Since 1311, the meinhardzwanziger were imitated even in Verona to which the ladder, the coat of arms of the Scaliger, above the beak of the eagle points. Rizzolli-Pigozzo fig. 48.Since 1311, the meinhardzwanziger were imitated even in Verona to which the ladder, the coat of arms of the Scaliger, above the beak of the eagle points. Rizzolli-Pigozzo fig. 48.

Since 1311, the meinhardzwanziger were imitated even in Verona to which the ladder, the coat of arms of the Scaliger, above the beak of the eagle points. Rizzolli-Pigozzo fig. 48.

The Veronese denarii are imitated
Early in the 12th century, the bishops of Trent began with the imitation of this minor issue. Others followed and it was soon discovered that, when going to the market, not only small change in the form of imitated Veronese denarii were required but also their multiples to balance larger sums. The adlergroschen from Merano proved to be the most successful coins, which were then also imitated on a supra-national level, even in Verona. Chapters 3 and 4 deal with this phenomenon. 

Minted in Verona, this testone with the portrait of Maximilian I has a value of 20 kreuzer. Rizzolli-Pigozzo fig. 128.Minted in Verona, this testone with the portrait of Maximilian I has a value of 20 kreuzer. Rizzolli-Pigozzo fig. 128.

Minted in Verona, this testone with the portrait of Maximilian I has a value of 20 kreuzer. Rizzolli-Pigozzo fig. 128.

From the Carolingians to the Habsburgs
At this point, we can’t and won’t summarize what the book of Rizzolli and Pigozzo tells in a much more interesting way and in much greater detail. Their account covers the beginning of the Veronese mint after 889 until the decommissioning of the Verona Mint under Maximilian I in chapter 7, accessing archival records, literary sources and figural representations (the adoration of Mr Pfennig is unbeatable!), coin hoards, archaeological finds and – of course – the images on coins.
On the basis of this variety of sources a lively picture emerges which is an ongoing pleasure to read thanks to the humor with which the authors have seasoned their narrative. Far and away the best – to mention only one telling example – is the story about the she-goat that stood on top of the coins of the Prösels coin find one morning. Her owners firmly believed this “curious” animal, as a kind of gold-ass in the guise of a goat, had produced the coins all by itself. 

Type corpus of coinages from Verona and Tyrol
As if the monetary history were not enough, the authors provide two exhaustive type corpora in addition. The first corpus deals with the coins minted in Verona, ranging in date from the time of Rudolph II of Burgundy (923-926) and Maximilian I (1509-1516). 56 coin types are itemized and illustrated with photographs. In case the relevant photograph is not enough to distinguish one type from the other, an additional drawing is provided or the relevant lettering is retraced in the photograph. It is clear to see that the catalog was prepared by pragmatists whose classification book comes in right where problems may arise.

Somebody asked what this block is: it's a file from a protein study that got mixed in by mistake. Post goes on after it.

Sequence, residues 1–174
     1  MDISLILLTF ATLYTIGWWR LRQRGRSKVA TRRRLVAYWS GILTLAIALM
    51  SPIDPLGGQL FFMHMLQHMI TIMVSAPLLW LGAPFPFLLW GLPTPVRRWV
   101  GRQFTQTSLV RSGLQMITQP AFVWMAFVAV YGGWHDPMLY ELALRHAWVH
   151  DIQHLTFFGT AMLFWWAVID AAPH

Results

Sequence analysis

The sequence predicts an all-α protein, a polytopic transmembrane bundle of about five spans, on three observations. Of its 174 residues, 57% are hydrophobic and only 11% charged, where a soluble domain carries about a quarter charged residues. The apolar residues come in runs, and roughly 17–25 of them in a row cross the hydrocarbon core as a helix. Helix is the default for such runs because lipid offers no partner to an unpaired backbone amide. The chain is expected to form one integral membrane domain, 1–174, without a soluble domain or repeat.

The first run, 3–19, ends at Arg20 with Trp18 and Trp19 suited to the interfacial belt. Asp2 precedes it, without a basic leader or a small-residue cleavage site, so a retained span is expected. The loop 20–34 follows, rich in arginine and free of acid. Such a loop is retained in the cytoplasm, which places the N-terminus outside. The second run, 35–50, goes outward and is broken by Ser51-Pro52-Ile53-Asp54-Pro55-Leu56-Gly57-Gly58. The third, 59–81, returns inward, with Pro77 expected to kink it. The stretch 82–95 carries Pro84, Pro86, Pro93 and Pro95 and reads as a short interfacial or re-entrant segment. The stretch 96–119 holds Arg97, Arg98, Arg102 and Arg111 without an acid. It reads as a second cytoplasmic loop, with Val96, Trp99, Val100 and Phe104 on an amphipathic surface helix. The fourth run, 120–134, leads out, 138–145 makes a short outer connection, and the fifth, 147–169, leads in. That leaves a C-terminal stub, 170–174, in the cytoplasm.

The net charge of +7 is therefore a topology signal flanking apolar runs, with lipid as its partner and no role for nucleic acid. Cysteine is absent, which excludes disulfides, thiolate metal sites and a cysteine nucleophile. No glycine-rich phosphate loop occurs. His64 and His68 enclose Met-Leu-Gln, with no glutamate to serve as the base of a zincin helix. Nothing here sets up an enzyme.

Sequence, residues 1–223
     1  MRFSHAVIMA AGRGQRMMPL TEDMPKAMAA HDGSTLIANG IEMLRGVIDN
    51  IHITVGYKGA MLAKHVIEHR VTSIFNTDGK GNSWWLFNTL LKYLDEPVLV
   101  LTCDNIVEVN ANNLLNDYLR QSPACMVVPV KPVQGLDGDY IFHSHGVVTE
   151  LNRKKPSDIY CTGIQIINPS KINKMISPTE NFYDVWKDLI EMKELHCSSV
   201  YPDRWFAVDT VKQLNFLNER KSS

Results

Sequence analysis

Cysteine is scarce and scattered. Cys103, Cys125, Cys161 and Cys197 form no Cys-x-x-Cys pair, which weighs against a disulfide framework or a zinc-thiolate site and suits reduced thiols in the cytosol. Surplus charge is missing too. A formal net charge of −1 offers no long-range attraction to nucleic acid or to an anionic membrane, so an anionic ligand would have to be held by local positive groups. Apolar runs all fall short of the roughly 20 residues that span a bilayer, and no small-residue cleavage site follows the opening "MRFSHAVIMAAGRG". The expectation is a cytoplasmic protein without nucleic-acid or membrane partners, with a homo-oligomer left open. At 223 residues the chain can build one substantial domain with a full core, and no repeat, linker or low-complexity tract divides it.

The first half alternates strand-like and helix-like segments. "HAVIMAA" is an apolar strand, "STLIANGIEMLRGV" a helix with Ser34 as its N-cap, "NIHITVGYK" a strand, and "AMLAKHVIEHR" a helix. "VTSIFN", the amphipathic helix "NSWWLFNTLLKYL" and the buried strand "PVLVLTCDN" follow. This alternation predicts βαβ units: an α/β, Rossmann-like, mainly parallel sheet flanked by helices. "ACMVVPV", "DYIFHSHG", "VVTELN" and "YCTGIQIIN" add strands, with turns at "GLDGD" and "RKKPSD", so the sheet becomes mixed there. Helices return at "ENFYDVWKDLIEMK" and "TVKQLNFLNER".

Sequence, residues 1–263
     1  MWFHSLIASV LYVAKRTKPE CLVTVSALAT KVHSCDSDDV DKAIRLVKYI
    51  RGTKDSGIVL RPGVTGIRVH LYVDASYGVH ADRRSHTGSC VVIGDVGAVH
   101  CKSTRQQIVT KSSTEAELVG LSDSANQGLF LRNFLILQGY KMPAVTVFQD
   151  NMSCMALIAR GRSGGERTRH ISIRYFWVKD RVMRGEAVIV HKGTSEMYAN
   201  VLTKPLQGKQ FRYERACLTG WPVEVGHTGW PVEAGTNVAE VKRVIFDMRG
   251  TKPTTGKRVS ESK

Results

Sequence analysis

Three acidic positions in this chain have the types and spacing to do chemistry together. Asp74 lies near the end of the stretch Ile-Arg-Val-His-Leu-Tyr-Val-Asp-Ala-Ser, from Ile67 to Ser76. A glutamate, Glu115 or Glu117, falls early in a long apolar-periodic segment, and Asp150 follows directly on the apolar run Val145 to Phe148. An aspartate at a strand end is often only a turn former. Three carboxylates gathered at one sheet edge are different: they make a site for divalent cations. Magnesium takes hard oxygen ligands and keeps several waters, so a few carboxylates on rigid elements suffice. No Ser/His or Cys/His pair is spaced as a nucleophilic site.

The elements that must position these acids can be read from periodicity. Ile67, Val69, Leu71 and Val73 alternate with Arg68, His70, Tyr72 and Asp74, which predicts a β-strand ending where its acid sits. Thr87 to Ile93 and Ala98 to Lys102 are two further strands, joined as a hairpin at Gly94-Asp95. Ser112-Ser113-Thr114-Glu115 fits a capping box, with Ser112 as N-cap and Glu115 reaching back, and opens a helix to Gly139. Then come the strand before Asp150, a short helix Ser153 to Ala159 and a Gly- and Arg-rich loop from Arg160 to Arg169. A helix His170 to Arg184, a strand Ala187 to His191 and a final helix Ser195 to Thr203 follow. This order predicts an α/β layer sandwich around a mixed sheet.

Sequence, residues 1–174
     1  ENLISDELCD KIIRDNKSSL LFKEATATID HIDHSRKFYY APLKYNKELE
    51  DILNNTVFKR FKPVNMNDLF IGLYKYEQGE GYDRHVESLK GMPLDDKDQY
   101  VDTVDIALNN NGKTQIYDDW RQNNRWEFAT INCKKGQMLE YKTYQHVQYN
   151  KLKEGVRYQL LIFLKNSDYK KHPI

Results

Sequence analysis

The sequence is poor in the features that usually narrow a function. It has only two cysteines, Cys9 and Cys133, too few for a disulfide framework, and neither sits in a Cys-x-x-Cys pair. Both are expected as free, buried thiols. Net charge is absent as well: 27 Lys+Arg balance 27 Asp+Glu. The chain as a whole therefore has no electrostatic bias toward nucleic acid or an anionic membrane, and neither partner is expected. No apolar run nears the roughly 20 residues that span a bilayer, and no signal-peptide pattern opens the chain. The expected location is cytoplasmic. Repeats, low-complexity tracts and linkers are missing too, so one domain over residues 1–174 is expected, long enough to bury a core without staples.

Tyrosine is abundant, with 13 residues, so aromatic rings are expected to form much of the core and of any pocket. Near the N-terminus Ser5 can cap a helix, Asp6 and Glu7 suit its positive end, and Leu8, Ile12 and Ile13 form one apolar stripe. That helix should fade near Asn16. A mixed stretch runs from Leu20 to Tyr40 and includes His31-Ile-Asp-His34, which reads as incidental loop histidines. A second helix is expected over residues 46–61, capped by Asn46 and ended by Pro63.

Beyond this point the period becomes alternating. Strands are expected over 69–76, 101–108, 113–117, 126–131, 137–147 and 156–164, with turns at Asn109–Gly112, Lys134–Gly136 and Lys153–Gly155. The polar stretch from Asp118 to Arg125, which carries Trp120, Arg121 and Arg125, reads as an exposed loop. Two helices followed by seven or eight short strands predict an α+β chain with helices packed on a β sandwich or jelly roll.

The second corpus is nothing less than a Corpus Nummorum Tirolensium Mediaevalium that is based on two ground-breaking works of Helmut Rizzolli, published in 1991 and 2006 (which are out of stock, needless to add). All newly discovered coin types and variants had been carefully added by Armin Torggler. This part includes the coinages of the bishops of Trent, the dukes of Tyrol-Görtz and the Habsburgs from the Merano Mint, as well as imitations of coins from Merano. Coins following the Venetian standard from Lienz and Toblach conclude the corpus. 

A comprehensive bibliography, an index of sites of coin finds and the biographies of all persons included round out the monumental opus. It also programmatically includes the vita of late Ottorino Murari, the coin collector who had died in 1991. A renowned expert in the history of Veronese currency, he combined his academic interest with his passion for collecting and thus greatly contributed to the studies on the Veronese monetary history. 

The two authors Helmut Rizzolli and Federico Pigozzo devoting their work to Ottorino Murari bears testimony to their collector-friendly attitude. But this is not the only aspect that reflects the respect the authors foster towards the lay-man. Their book is devoid of any technical jargon. In a down-to-earth manner, they reconstruct the monetary history of the Veronese currency area to the effect that everybody can follow them.
Do you need a recommendation? It is rather simple: Don’t just buy it, read it!

The easiest way to get a copy of the book is by ordering it at Amazon.

Of course, it may also be purchased directly from the publisher, Athesia Verlag.